Quadrant is neither advocate nor financial supporter of the Australian Press Council, which means we are spared its meddlesome chairman, Professor Julian Disney, whose former job was fronting the Caring-Industrial Complex as head of the Australian Council of Social Services. Distributing government money while lobbying for the employment of more social workers is a peculiar business, as there is no pressure to declare a profit and success tends to be calibrated on the scale of practitioners’ appraisals of their own worth and achievements. Peculiar, too, in that the number of “urgent” social problems in need of funding and remediation seems to grow in lockstep with the latest drafts of graduates looking for work.
Lately, as Peter Fray notes in The Australian, the Press Council has adopted a broader view of its duties and responsibilities, frequently upbraiding journalists and news organisations for covering stories in ways other than a social worker might approach them. If, for example, a newspaper were to note in passing that Adolf Hitler was a nature-loving vegetarian and anti-tobacco zealot, recent rulings suggest the writer and editor would be rebuked for not granting space in which The Greens, fellow nature-loving vegetarians and anti-tobacco zealots, could assert that they have no plans to invade Poland and must not therefore be tarred with the same brush.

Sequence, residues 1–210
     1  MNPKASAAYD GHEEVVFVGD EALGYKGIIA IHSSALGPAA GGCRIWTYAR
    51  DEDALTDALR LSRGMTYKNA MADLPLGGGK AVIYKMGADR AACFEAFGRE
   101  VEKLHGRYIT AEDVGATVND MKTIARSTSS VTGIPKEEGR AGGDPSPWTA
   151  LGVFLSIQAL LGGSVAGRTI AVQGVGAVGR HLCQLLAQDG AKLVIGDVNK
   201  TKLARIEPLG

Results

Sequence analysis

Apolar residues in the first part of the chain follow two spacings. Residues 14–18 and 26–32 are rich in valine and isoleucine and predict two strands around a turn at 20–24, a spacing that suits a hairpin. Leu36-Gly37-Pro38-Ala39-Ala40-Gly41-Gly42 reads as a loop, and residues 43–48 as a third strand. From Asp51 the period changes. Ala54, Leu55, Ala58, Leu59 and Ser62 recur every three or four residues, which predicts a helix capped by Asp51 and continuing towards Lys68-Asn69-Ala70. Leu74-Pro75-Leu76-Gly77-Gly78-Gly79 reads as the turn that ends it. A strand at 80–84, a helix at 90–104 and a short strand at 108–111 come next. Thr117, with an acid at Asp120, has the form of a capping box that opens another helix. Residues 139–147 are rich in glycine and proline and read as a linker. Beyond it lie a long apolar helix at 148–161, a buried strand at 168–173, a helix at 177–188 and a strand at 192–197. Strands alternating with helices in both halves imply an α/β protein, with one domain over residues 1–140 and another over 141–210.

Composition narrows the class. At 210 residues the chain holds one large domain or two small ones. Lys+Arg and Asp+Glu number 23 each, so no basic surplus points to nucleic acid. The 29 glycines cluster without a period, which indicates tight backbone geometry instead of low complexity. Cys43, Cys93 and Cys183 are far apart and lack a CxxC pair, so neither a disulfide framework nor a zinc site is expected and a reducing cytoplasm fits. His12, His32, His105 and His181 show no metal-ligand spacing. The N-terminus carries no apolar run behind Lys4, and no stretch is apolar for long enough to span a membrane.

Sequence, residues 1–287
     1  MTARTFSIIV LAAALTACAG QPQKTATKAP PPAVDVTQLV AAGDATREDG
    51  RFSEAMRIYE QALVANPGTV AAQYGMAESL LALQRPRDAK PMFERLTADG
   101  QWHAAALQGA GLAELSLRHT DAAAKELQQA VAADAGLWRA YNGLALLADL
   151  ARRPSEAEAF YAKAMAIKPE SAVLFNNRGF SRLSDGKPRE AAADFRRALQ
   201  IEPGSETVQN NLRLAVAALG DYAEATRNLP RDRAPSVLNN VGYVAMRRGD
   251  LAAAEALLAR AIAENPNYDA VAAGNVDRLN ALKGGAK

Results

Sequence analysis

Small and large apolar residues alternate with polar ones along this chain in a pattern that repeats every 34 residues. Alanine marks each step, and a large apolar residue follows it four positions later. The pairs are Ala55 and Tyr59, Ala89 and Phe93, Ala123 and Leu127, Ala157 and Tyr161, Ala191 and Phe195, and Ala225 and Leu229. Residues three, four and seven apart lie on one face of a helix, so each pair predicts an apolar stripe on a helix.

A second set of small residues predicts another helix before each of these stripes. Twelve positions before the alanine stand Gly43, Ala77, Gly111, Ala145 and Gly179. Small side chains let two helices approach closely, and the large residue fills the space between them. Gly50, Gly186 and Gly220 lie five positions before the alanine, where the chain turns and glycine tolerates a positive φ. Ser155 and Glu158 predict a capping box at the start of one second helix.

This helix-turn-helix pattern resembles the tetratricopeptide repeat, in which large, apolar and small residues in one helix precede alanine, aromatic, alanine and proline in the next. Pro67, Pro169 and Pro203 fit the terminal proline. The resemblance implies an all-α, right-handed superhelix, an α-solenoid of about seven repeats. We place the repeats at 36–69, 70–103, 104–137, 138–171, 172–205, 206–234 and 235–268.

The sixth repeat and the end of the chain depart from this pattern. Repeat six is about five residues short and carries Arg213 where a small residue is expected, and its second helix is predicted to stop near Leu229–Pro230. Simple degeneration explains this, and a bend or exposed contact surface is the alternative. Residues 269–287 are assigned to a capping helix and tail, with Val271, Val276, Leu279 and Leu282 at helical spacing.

One of the Press Council’s latest endeavours sees it probing Fray’s paper for publishing on its front page a tactfully blurred picture of Khaled Sharrouf’s young son, shown holding the severed head of Muslim formerly belonging to a branch of the faith for which the Sydney-bred fanatic has little time and less patience. According to a companion article
“THE Australian has been asked to respond to a Press Council complaint lodged over the publication this week of a photograph of a seven-year-old boy, the son of Islamic State terrorist Khaled Sharrouf, holding the severed head of an Iraqi.
The Press Council suggested publication of the photograph might have been a breach of APC principles relating to ‘discretion and causing offence’.”
Well, because Quadrant can, here is the same photo once more. If someone was offended by its initial publication, let that person be offended a second time. It is called free speech, and Quadrant can indulge that endangered concept because we have not made ourselves captives of the Press Council’s edicts, ideology and regulatory caprice.
There are rumblings that News Corp, The Australian‘s publisher, is poised to abandon its support for the Press Council, as The West Australian has already done. If so, good. Let the next severed head, metaphorically speaking, be that of Professor Disney.